Ibrahim, Suad Lateef (2019) Exploration of the mechanism of synergy between paclitaxel and BCKDK inhibitors in breast and ovarian cancer cells. Doctoral thesis, Keele University.

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Breast cancer is considered the most frequently diagnosed cancer in women and the second most common type of cancer causing deaths among women. It is accounts 25% of all female cancers. It is expected about 1 in 8 women will develop this disease during their lifetimes. However, the overall 5-year survival rate of breast cancer reaches 89.4%, according to the statistics organized from 2005 to 2011 by Surveillance, Epidemiology, and End Results Program (SEER) at National Cancer Institute. Despite this progress in patients’ survival, there is still a problem treating triple-negative breast cancer (TNBC), a subtype of breast cancers that lacks certain cancer drivers. Corrspondingly, among all breast cancers the treatment and the overall survival is worst for this subtype. Understanding the causes of drug resistance and having appropriate therapies to overcome these is one of the major problems that limits patients from benefiting from chemotherapy.
Work from our group previously reported a RNAi screen which identified genes which are over-expressed in chemosensitive or chemo resistant ovarian cancer. In the current study one of these hits, branched-chain keto acid dehydrogenase kinase (BCKDK) was validated as a potential target to increase the sensitivity of breast caner cells to paclitaxel.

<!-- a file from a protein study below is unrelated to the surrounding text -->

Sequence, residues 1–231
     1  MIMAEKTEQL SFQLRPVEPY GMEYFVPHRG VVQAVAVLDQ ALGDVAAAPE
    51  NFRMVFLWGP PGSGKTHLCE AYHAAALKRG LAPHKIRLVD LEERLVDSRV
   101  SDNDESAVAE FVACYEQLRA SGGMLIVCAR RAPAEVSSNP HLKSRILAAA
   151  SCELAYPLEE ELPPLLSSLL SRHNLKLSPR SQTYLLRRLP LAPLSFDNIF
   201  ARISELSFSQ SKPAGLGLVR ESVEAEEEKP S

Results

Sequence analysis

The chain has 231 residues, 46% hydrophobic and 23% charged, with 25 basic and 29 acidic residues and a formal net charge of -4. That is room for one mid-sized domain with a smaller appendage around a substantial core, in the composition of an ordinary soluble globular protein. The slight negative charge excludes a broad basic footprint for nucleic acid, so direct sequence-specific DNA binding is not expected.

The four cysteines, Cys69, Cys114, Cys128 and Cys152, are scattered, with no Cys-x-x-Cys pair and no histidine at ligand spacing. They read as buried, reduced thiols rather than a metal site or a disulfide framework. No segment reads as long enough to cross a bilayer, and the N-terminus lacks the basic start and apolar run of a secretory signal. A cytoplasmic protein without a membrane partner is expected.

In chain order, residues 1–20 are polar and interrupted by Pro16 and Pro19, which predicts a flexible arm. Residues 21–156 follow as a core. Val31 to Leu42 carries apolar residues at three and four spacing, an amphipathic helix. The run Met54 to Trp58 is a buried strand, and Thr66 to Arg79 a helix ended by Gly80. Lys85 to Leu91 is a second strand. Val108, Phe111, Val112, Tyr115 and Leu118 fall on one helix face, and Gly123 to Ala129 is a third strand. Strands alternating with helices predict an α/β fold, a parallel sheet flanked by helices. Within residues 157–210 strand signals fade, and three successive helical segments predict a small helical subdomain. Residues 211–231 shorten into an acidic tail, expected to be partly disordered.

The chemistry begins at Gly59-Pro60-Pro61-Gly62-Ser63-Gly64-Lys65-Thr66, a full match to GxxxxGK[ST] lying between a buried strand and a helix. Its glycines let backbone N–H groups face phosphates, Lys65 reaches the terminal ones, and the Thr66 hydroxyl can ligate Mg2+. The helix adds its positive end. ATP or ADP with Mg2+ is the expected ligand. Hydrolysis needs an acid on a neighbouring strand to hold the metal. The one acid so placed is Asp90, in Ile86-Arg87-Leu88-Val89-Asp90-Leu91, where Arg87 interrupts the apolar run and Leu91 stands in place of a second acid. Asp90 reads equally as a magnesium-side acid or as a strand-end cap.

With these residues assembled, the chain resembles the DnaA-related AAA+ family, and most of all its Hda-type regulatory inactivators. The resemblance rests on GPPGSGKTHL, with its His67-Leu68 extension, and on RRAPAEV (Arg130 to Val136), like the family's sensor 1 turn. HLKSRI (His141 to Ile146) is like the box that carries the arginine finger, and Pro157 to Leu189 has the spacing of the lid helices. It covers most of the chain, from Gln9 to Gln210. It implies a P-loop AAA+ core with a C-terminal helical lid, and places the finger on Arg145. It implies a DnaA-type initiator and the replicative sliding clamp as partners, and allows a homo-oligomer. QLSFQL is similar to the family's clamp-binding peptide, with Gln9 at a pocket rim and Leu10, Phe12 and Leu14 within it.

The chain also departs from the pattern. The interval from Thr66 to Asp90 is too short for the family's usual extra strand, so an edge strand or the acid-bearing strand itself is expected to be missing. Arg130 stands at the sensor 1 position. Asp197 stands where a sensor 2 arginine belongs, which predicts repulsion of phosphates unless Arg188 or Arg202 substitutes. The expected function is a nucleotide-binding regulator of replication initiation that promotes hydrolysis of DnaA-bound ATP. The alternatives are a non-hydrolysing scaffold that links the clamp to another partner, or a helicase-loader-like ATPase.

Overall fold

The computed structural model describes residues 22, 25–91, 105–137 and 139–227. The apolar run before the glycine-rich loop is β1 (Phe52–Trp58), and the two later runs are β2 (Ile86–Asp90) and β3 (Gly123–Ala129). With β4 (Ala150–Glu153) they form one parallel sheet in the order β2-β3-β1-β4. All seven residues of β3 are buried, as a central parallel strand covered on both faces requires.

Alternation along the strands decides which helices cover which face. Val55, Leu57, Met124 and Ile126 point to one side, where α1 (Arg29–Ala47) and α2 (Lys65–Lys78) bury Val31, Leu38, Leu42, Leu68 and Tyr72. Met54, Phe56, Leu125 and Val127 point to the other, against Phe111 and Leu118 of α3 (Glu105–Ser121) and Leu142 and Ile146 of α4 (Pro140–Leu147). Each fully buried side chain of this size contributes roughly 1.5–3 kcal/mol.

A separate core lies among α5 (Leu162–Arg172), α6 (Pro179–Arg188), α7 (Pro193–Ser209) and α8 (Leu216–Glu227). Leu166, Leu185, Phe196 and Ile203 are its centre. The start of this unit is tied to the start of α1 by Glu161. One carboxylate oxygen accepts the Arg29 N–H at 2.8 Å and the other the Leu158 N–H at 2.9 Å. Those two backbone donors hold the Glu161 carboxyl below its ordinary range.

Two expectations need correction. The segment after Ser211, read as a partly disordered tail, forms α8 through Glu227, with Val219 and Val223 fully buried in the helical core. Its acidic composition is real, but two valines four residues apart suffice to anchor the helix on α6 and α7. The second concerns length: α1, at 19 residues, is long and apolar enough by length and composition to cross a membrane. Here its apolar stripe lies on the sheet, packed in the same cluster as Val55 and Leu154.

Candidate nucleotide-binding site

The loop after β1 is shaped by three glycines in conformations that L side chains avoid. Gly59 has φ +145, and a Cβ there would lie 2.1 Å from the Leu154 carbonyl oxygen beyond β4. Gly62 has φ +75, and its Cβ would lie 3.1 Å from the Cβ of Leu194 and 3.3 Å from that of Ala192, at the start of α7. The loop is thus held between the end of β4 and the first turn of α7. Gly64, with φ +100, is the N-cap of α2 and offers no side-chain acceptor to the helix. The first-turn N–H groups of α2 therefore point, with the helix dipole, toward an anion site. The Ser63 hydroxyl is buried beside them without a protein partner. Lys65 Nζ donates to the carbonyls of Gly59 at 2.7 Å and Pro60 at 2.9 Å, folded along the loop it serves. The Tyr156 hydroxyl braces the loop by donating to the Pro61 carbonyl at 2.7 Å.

Firstly the expression of three main BCAA catabolism pathway components, branched-chain keto acid dehydrogenase BCKDK was assed in MCF-7, MDA-MB-468 and MDA-MB-231 breast cells. Levels of BCKDK were highest in MCF-7 cells. Commercially available inhibitors chloromethylvaleric acid (CMVA) and 3,6-Dichloro-1-Benzothiophene-2-Carboxylic acid (DCBC) inhibited phosphorylation of BCKDH by BCKDK. These inhibitors combined with paclitaxel also synergistically inhibited cell growth in breast cancer cells as well as potentiated apoptosis induced by paclitaxel. Addition of branched chain amino acids to the culture media reduced the synergy confirming that the inhibitors worked through promoting branched chain amino-acid metabolism. Knockdown of BCKDK with siRNAs also potentiated the activity of paclitaxel, confirming the role of BCKDK in resistance to paclitaxel.
Next the mechanism by which BCKDK inhibitors potentiate the activity of paclitaxel was investigated. CMVA and DCBC reduced BCAA levels, decreased phosphorylation of mTORC1 and that of its substrate 4E-BP-1. Phosphorylation of Aurora A, a mitotic regulator which is known to be a substrate of mTORC1, was also reduced. Levels of c-Myc, whose expression is regulated by both mTORC1 and Aurora A were also diminised. Underwent mitotic slippage – cells exited mitosis without dividing leading to >4N DNA content with multiple nuclei. The involvement of BCKDK in these processes results was confirmed by using BCKDK siRNAs in place of the drugs.
Finally, compounds identified by a virtual screen for novel BCKDK inhibitors were evaluated and two compounds identified which inhibited phosphorylation of BCKDH in cells with low nanoMolar potency. These compounds were also synergistic with paclitaxel and they provide a starting point for subsequent drug discovery efforts.
This work points, for the first time, to BCKDK as a potential target for increasing the sensitivity of cancer cells to paclitaxel.

Item Type: Thesis (Doctoral)
Additional Information: Embargo on access until 1 May 2029 - The thesis includes information that was obtained under a promise of confidentiality.
Subjects: R Medicine > R Medicine (General)
Divisions: Faculty of Medicine and Health Sciences > Institute for Science and Technology in Medicine
Contributors: Richardson, A (Thesis advisor)
Berkson, Rachel (Thesis advisor)
Depositing User: Lisa Bailey
Date Deposited: 07 Jun 2019 15:16
Last Modified: 10 Jan 2023 15:54
URI: https://eprints.keele.ac.uk/id/eprint/6464

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